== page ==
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Repetitive Strain Injury Physiotherapy

Repetitive Strain Injury, often abbreviated as RSI, is called by other names such as cumulative trauma disorders (CTD), overuse syndrome or repetitive stress injury, is really injuries to the physical and neurological body or body parts by repetitive actions, tasks, or by repeated exposure to forces that are compressive or vibration in nature.

Common causes of Repetitive Strain Injury

Literature describes the causes of RSI to be primarily be lifestyle or worklife without ergonomic concerns or care, e.g.

  • using a poorly handled knife, or blunt knife, everyday, over time causes RSI
  • or simply by placing the monitor too much to the right, or to the bottom, causes our necks to stiffen and muscles to shorten in a particular fashion, inducing repetitive strain injury, over time.

A list of typical actions or habits that lead to Repetitive Strain Injury

  1. Reading or doing tasks for extended periods of time while looking down e.g. phones, tablets, books (an example is the famous "forward neck syndrome") etc.
  2. Sleeping on an inadequate bed/mattress or sitting in a bad armchair and/or in an uncomfortable position.
  3. Carrying heavy loads.
  4. Clamping phone between neck and shoulder for a phone conversation
  5. Watching TV in a prolonged position.
  6. Sleeping with head to the side, or forwards.
  7. Prolonged use of the hands, wrists, back, neck on a specific task.
  8. And much, much more

Symptoms of repetitive strain injury

  1. Short bursts of severe cramping and/or excruciating pain over a widespread area of the body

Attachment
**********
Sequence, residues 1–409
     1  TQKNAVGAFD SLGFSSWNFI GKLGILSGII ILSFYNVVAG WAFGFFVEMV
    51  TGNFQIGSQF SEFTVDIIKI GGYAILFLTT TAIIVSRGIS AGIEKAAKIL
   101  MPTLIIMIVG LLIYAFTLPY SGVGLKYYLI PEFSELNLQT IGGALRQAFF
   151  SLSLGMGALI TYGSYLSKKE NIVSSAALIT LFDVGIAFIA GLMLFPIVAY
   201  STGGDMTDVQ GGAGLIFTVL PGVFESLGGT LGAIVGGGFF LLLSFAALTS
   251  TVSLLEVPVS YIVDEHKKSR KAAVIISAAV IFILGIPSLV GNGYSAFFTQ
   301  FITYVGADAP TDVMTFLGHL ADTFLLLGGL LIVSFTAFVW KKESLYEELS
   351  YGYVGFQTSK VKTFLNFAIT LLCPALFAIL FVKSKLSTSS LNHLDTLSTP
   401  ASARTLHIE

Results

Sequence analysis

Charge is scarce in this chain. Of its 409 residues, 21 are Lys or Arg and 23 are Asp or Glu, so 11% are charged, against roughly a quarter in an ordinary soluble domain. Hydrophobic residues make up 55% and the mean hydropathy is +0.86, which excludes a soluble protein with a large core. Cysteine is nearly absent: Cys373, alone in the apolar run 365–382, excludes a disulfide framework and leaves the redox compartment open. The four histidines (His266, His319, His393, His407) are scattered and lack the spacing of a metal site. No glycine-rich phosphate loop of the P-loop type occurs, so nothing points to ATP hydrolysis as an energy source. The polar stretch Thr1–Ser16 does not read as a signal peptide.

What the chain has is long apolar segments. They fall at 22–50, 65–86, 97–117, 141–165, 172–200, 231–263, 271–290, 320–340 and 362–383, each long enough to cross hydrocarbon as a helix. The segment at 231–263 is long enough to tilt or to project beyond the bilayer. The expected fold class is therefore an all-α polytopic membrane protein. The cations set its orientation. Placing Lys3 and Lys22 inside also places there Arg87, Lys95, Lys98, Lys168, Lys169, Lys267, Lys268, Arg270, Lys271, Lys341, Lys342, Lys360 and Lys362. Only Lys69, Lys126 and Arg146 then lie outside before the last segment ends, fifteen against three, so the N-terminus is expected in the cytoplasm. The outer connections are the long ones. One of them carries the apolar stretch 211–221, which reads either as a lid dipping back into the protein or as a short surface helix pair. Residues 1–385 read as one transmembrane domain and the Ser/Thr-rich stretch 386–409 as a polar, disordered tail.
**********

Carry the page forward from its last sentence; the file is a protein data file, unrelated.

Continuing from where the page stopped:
2. Pain worsens with activities or exercises (which is typical of RSI conditions such as carpal tunnel syndrome, cubital tunnel syndrome, tennis elbow, golfer's elbow, back pain, neck pain etc)
  3. Noticeably weakness in limbs

Frequency And Occurrence

Shockingly, about 55-70% of workers in US and UK suffer from some kind of repetitive strain injury and the most common RSI problems are the

Physiotherapy Examinations And Tests

Initial examinations includes primarily clinical palpations, and if any tenderness or weakness are detected on mobility-related tests e.g. pinch or pinch strength weaknesses, with no other obvious signs of abnormalities.

The patient will present with a healthy body or body part that has pain.

Physiotherapy and hand therapy Treatment

From what we know theoretically and clinically experienced in ourselves and in our patients, most of the time, most of the RSI that is sustained will resolve on their own, given that the affected area is sufficiently rested when the RSI started.

I myself have intermittent trigger finger and de Quervain's tenosynovitis, which, with rest, splinting, and gentle active and passive exercises and stretches, will accelerate its healing.

But, on the other hand, it can escalate in pain experienced in terms of intensity, frequency and duration painful moments, and I've managed patients who had their repetitive strain injury for years, some chose to live with it and come to me periodically for pain relief and mobility exercises, some opt for surgical interventions.

The most commonly prescribed physiotherapy intervention for repetitive strain injury in our clinics are a clinical mix of

Sometimes we also provide ultrasound to speed up the healing process.

Ergonomics And Workstation Consultancy

The computer and workstation is often blamed for the development and aggravation of repetitive strain injury in workers, especially for the back and neck, hands and wrist ones, so it makes sense for us to assess and provide ergonomic and environmental modifications and adjustments of the workstation or work site are often required.

For this, we modify the layout of the worker in relation to his or her working environment, and whenever possible, the equipment and job processes.

Alternatives to help

  1. Adaptive RSI prevention software such as speech-to-text, break timers and auto-mouse-click.
  2. Adaptive hardware such as ergonomical keyboards, tablets, touch screens, roller mouse
  3. Splinting to provide the rest the body part requires.
  4. Physiotherapy or hand therapy for pain relief, exercise therapy
  5. Office exercises to keep active and fit
  6. Activity modification to minimize damage caused as opposed to non-work at all
  7. Stress Management relaxation techniques